By Vicky Young
Political correspondent, BBC News
Mr Brown's friends say he's the best man for turbulent economic times
The plot thickens... or does it?
Those who want to oust the prime minister have a best-case scenario; it involves a senior cabinet minister going into Gordon Brown's office and politely asking him to clear his desk.
He agrees and finds another role in life.
In the real world, few expect this to happen. So plan B is to write a letter, telling the cabinet they have to act to remove their leader so that Labour can avoid electoral oblivion.
At the moment this group of ex-ministers and disgruntled backbenchers are gathering the names of those who would be willing to sign this, as yet non-existent, missive.
One told me he hoped at least two cabinet ministers would sign up. One of the reasons Jack Straw's name keeps cropping up is that the plotters know they'll need senior figures on their side who are not considered hostile to Mr Brown.
If it looks like a Blairite coup it will be easily dismissed by Downing Street. Some of those organising this plan are close to Mr Straw, but they, and he, deny this is a leadership campaign for the justice secretary.
Which brings us to the next crumb of comfort for Mr Brown. No-one agrees on who should take over from him.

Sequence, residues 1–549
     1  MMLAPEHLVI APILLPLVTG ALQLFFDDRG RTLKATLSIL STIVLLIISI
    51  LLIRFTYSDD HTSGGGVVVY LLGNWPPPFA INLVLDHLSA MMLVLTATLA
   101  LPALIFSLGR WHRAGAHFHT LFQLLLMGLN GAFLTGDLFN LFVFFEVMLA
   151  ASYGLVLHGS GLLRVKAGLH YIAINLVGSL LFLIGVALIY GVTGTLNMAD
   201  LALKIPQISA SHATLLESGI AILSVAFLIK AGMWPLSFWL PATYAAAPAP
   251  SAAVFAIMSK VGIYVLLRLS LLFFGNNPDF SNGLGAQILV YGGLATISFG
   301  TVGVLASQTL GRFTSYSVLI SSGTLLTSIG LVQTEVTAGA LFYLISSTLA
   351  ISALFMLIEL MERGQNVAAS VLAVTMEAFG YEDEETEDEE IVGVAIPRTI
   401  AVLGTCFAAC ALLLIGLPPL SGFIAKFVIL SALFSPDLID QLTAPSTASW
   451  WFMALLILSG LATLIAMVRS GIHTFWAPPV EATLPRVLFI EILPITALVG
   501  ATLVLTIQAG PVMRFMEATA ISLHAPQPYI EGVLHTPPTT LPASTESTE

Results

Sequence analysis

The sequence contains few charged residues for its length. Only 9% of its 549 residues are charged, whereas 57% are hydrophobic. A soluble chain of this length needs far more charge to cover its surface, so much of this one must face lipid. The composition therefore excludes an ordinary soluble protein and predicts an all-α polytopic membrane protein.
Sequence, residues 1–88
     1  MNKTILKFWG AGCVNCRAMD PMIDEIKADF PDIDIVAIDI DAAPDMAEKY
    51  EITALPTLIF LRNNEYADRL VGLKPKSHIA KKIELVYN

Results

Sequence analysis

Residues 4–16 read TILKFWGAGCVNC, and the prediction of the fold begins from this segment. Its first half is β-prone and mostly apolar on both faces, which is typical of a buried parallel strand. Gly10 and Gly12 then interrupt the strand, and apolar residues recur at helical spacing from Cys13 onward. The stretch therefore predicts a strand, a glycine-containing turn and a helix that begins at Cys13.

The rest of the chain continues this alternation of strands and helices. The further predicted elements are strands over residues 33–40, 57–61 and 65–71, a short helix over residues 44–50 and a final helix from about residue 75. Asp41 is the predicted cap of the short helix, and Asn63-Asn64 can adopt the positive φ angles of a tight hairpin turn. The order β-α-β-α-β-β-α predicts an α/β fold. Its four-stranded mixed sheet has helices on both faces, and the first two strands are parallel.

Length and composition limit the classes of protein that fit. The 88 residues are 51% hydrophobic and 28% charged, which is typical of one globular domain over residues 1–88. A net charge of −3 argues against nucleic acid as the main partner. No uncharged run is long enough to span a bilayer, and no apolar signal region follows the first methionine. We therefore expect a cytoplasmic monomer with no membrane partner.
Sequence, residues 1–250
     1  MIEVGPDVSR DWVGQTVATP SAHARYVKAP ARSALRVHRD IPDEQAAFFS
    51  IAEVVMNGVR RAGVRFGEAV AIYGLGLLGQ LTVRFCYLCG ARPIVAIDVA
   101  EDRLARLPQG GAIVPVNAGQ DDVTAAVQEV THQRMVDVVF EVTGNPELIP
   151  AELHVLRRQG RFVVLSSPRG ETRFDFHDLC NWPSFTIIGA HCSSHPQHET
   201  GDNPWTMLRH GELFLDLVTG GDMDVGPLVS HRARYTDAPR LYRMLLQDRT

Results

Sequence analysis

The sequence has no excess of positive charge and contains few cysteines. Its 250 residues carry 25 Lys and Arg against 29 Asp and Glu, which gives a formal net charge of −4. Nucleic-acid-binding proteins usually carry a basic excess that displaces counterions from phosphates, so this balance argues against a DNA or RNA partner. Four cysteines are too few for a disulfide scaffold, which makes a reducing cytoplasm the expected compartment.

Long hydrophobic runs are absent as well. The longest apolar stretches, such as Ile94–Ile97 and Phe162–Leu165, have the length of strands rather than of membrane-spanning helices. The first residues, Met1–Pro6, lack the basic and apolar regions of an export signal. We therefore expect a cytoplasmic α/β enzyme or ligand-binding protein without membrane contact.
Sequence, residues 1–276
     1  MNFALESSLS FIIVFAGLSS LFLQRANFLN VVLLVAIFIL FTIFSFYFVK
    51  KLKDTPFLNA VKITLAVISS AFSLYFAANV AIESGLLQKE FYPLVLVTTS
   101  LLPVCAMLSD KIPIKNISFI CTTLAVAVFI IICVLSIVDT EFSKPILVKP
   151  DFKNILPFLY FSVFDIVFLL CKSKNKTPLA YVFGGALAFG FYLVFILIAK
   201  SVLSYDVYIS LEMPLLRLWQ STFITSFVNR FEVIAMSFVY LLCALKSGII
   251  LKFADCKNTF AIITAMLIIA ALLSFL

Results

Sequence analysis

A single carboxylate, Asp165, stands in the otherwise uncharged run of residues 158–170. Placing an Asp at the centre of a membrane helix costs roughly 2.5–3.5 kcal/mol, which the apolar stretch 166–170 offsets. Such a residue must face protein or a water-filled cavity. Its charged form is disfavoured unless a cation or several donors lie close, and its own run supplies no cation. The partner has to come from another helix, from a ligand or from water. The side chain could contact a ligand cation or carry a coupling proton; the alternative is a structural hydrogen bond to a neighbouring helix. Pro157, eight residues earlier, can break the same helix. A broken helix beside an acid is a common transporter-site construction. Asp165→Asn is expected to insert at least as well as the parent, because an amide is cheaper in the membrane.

Some believe David Miliband missed his chance by not standing last year. Those on the left of the party would prefer Jon Cruddas.
Alan Johnson's name keeps cropping up, even though he has said before that he is not interested in the job.
Many feel he possesses the communication skills that Mr Brown lacks and he should at the very least be given a high-profile job to help get Labour's message across to voters.
The worry for Mr Brown is that the result in Glasgow East has left Labour MPs feeling extremely insecure about their futures.
But one ex-minister put it like this: what is the point in having decent policies when no-one's listening to anything we say
They may have grown accustomed to the idea of a few years out of power. But unemployment - that is a different matter.
The group of those who have decided that something has to be done about the party's predicament seems to be growing, but many MPs are waiting until the autumn to see if there is anything Mr Brown can do to turn things around.
A reshuffle is expected alongside an economic rescue plan, including tax cuts and help for the ailing housing industry.
But one ex-minister put it like this: what is the point in having decent policies when no-one's listening to anything we say. The voters can't see past Gordon.
Mr Brown's friends insist the government's unpopularity is down to the faltering economy and he is the only person with the experience to get the country through difficult times.
While Labour MPs Gordon Prentice and Graham Stringer - never big fans of PM Brown - have both said openly they want change, it seems most MPs are willing to wait until October before making any decisions.